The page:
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    General practice pharmacist scheme evaluation indicates ‘improved capacity’ as the main benefit

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Umesh Modi is a chartered accountant, and Pamini Jatheeskumar is a chartered certified accountant at Silver Levene...
  Don Lavoie is alcohol programme manager at Public Health England and Gul Root is lead...
Don Lavoie is alcohol programme manager at Public Health England and Gul Root is lead pharmacist, Health and Wellbeing Directorate, Public Health England
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nice antibiotic researchAugust 19 2105

NICE has issued a new guideline to tackle the problem of inappropriate antibiotic prescribing.

Its guidance, NG15 - ‘Antimicrobial stewardship: systems and processes for effective antimicrobial medicine use’, “aims to change prescribing practice to help slow the emergence of antimicrobial resistance and ensure that antimicrobials remain an effective treatment for infection.”

Announcing the guidelines, NICE said that part of the problem of increasing antimicrobial resistance stems from the discovery of new antibiotics being at an all time low. However, GPs’ prescribing was also a significant problem.

“Despite considerable guidance that prescribing rates of antibiotics should be reduced, 9 out of 10 GPs say that they feel pressured to prescribe antibiotics, and 97 per cent of patients who ask for antibiotics are prescribed them,” it said. If NG15 is implemented fully, NICE believes inappropriate antimicrobial prescribing could be reduced by 25%, representing 10 million fewer prescriptions each year.

Professor Mark Baker, Director of the Centre for Clinical Practice at NICE, said: “Antibiotics are prescribed in circumstances when they are unlikely to do the patient much good. Knowledge amongst GPs is well established that many patients with early or benign infections do not require and will not benefit from antibiotics.”

While the “vast majority of GPs will tell patients that,” data shows that not all do: “I don’t think there is a lot of bad practice in general practice but it is clear that the reduction in antibiotic prescribing that we expected to see when our 2007 guideline on upper respiratory tract infections was published has not happened,” said Prof Baker.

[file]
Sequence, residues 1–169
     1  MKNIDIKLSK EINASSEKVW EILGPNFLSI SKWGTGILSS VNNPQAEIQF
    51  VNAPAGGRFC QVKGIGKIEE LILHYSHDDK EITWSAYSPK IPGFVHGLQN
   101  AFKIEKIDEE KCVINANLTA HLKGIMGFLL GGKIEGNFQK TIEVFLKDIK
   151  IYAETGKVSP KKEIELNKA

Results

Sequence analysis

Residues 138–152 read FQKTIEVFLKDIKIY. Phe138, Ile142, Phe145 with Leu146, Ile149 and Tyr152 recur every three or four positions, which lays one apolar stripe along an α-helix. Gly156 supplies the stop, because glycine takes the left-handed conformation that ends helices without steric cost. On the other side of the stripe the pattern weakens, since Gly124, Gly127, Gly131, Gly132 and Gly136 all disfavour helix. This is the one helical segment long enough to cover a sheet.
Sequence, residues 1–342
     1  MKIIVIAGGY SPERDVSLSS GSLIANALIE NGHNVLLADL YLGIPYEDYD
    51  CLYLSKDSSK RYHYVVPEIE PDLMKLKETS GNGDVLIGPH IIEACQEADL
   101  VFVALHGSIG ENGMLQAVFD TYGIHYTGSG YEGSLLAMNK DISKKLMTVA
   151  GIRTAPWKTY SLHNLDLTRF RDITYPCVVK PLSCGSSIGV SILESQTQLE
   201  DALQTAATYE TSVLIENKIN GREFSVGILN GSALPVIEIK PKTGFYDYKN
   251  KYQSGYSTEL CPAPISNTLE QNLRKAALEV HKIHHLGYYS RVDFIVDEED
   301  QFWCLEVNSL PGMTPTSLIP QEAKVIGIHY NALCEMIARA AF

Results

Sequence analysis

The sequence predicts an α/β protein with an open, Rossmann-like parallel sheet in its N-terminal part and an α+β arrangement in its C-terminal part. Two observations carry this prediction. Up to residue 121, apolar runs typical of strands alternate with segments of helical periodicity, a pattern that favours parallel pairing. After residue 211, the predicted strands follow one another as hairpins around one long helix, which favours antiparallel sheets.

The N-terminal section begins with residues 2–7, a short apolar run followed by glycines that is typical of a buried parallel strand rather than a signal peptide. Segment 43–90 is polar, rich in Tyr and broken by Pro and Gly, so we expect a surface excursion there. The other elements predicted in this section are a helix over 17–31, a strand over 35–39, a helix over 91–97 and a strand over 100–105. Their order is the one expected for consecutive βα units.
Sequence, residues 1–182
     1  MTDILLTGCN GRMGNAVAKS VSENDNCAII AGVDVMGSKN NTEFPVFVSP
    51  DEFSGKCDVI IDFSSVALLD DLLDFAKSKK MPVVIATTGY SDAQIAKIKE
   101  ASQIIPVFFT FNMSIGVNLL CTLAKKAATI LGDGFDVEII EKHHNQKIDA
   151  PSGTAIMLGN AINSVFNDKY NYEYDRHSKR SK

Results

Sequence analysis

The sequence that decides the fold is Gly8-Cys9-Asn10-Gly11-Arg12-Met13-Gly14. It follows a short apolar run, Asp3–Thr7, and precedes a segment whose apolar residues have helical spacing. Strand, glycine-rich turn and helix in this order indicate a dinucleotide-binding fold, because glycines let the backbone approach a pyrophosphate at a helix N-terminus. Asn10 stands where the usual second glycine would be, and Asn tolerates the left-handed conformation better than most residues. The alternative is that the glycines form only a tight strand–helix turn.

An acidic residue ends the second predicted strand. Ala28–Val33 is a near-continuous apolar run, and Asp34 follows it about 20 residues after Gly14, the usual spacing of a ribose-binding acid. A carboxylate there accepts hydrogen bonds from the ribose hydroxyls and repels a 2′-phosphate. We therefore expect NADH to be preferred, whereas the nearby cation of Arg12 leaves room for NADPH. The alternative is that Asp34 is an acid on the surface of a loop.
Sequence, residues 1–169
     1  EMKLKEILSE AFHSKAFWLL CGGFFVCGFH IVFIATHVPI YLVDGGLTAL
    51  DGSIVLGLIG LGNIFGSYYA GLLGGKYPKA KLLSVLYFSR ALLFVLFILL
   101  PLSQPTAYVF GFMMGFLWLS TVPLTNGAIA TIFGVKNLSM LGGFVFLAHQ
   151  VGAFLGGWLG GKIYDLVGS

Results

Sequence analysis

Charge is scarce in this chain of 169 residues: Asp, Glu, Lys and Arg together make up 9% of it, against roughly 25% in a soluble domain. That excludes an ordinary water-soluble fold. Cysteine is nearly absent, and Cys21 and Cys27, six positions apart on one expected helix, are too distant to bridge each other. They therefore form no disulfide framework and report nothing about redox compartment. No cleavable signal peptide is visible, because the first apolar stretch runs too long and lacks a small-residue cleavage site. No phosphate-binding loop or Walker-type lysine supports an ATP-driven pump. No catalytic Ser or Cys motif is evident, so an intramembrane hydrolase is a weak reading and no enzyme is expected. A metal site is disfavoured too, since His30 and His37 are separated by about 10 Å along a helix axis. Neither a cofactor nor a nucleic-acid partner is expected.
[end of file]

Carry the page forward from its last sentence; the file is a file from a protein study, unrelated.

“The rise in inappropriate prescribing comes in the face of successive attempts by NICE and by government to reduce it that simply haven't worked. Some of it is about the pressure put on GPs. Despite that pressure, prescribing an antibiotic when you know it’s unlikely to do the patient much good is not good practice.”

Doctors’ representatives from the BMA had an “urgent” meeting with NICE soon after the guideline’s announcement to raise their concerns about the criticism. Dr Chaand Nagpaul, BMA GP committee chair said afterwards: “We are pleased that following our meeting, NICE has clarified that inappropriate prescribing is not widespread amongst GPs and have made it clear that they wish to support all GPs, and not admonish them in public.”

The guideline also calls on other health professionals to help explain the benefits and harms of immediate antimicrobial prescribing as well as alternative options such as ‘watchful waiting’ and delayed prescribing.

Royal Pharmaceutical Society President Ash Soni commented: “Better stewardship of antibiotics has a vital role to play in reducing unnecessary antibiotic use. All prescribers need to be vigilant and ensure all treatment options have been considered before antibiotics are prescribed.

“The vast majority of antibiotics are prescribed outside of hospitals, usually by GPs. What’s also required to meet the antibiotic challenge is increased support for GPs and patients from other community health care professionals so we are all taking the same approach to prevent antibiotic overuse.

“Pharmacists are already playing their part at the point of dispensing in educating and advising patients about how to take antibiotics correctly. For example, it's essential to always finish a prescribed course of antibiotics otherwise bacteria can become more drug-resistant.”

Mr Soni also advocated greater use be made of minor ailment services operating in community pharmacies, but added that provision of such services is limited with only around a third of pharmacies in England commissioned to do so.

“The RPS wants to see a nationwide Minor Ailment Service through community pharmacies in England which could proactively help reduce the risk of over-use of antibiotics by tackling minor health problems before they are needed,” he said.

Links:

NICE announcement     

NICE NG15         

RPS response   

BMA response

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